In contrast with the forty-five-year gradual expansion of soybean cropping from early 1960s to reach 200 million hectars (772,000 square miles) today, Cool Farms, employing integrated agroforestry, offer up to five times the protein per hectare of soy while providing a far greater, and more immediate, return on financial investment.
Cool Labs leverage the existing financial and technological landscape of the world today but reimagine the way products are produced. The number of possible cascades is limited only by the imagination, skills, and willingness of local residents. We are at the dawn of a new kind of lean, clean, nature-centered economy. The entire system heals the earth, rebalances carbon, and generates economic security and resilience for more people.
Carbon cascades can turn almost any human settlement into an ecovillage, although the criteria for what defines ecovillage must necessarily include a few more elements than merely having a Cool Lab or permaculturally designed support systems. Ecovillages are based on a cohesive worldview, an abiding respect for the ecological integrity of your home, a circular local economy, and a culture of peace and mutual respect. Depending on your starting point for each of these elements, bringing all of them into harmony can take time and effort.
We asked former NASA engineer Frank Michael to give us the drawdown numbers from the energy and food production system we’ve outlined, taken to global scale (covering 20 global hectares of low-productivity land). Michael said we could sequester carbon from the atmosphere at the average rage of 8 GtC/yr over the first eight years, and reach 13.6 GtC/yr by twenty-four years. We would achieve the cumulative storage of the 600-700 GtC required to bring atmospheric carbon back to preindustrial levels within about fifty years, taking into account the oceans’ Co2 outgasing feedback and other black swans. Carbon would be stored in the world’s soils and living biomass and could therefore provide additional benefits beyond sequestration. Were nations to collectively phase out fossil fuel emissions, the reduction targets would be achieved much sooner. It is possible to recover the Holocene.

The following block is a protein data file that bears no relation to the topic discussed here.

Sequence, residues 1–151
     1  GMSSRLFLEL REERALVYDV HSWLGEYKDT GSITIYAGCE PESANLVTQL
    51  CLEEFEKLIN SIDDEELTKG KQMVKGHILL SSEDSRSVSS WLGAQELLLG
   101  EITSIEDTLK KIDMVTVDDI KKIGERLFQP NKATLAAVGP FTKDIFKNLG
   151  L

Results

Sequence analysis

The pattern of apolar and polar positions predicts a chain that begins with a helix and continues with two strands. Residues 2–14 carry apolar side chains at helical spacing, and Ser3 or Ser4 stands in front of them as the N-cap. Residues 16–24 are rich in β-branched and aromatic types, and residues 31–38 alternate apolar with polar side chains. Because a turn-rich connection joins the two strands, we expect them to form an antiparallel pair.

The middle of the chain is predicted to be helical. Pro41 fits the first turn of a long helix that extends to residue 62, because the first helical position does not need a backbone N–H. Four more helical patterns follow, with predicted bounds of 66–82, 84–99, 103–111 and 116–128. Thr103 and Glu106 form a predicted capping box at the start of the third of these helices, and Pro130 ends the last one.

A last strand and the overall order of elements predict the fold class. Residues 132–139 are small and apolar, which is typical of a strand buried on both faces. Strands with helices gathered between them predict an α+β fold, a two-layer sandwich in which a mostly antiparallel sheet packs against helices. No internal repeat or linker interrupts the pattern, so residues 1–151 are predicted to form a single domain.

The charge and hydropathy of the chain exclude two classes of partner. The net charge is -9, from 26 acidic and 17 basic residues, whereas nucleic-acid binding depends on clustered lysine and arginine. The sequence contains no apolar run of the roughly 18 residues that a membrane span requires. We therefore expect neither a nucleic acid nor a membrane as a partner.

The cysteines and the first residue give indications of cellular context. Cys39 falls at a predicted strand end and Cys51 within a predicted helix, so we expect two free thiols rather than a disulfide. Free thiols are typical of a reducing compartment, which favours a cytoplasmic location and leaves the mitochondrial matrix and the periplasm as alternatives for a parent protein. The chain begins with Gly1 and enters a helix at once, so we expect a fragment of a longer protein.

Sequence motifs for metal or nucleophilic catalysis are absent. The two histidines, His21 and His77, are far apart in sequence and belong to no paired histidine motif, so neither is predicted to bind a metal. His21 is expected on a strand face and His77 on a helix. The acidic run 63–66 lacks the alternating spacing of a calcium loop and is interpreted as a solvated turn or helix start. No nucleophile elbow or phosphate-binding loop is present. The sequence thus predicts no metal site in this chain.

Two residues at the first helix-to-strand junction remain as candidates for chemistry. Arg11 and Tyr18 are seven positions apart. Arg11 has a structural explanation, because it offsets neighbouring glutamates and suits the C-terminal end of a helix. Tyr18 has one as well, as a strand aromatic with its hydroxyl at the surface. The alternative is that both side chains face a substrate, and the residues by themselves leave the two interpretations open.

In April 2018, Hans-Peter Schmidt, whom we met previously, joined four other authors on a paper published by Environmental Research Letters titled, “Biogeochemical Potential of Biomass Pyrolysis Systems for Limiting Global Warming to 1.5’C.” The authors showed that by adding two other cascades to the biomass-to-biochar-plus-energy process – bio-oil (pumped into geological storages) and permanent-pyrogas (capture and storage of CO2 from gas combustion) – the land requirement dropped by up to 60 percent, while the benefits from yield increases could, in time, diminish land requirement by another 3-38 percent. The equivalent drawdown volume of greenhouse gases Michael had calculated would require 10 billion hectares (38.6 million square miles). Equally careful as Michael to observe biodiversity and cultural guardrails, Schmidt and colleagues estimated to only need 82-362 million hectares. Three hundred sixty-two million hectares (3.6 km2, or 1.4 million square miles) may seem like a lot of land, but we know from standard reference studies that there are at least five times that available in low-productivity, marginal lands in need of soil revitalization and ecosystem regeneration.